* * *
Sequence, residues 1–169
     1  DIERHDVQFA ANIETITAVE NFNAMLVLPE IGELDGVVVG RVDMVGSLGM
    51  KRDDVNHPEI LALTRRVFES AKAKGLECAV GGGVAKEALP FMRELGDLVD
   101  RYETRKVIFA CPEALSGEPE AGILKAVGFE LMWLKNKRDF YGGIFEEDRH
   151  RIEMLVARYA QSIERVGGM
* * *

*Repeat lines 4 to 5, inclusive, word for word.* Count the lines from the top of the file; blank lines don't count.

   101  RYETRKVIFA CPEALSGEPE AGILKAVGFE LMWLKNKRDF YGGIFEEDRH
   151  RIEMLVARYA QSIERVGGM